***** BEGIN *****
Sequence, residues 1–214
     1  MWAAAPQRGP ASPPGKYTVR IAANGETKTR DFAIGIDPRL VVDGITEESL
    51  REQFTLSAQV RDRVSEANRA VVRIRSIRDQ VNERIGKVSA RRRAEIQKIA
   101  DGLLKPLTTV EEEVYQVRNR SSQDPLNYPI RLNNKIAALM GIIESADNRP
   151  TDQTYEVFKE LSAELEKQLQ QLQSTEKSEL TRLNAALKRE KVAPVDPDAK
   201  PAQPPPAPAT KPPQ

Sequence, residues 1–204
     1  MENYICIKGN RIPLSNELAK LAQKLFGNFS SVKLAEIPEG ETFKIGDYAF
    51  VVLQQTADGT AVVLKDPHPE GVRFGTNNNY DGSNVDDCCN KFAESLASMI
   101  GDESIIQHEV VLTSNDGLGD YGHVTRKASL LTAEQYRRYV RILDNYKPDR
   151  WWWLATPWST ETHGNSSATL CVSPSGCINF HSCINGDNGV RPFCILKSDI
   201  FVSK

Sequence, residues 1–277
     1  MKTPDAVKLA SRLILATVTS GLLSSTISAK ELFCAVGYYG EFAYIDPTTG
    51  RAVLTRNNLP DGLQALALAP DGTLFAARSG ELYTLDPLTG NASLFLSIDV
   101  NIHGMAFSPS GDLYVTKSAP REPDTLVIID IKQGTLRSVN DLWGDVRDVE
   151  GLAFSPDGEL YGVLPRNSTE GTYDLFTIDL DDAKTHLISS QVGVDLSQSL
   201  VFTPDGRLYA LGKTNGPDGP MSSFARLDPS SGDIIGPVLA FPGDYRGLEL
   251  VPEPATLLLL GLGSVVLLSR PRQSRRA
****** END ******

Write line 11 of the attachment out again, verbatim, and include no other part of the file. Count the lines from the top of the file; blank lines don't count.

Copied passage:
   151  WWWLATPWST ETHGNSSATL CVSPSGCINF HSCINGDNGV RPFCILKSDI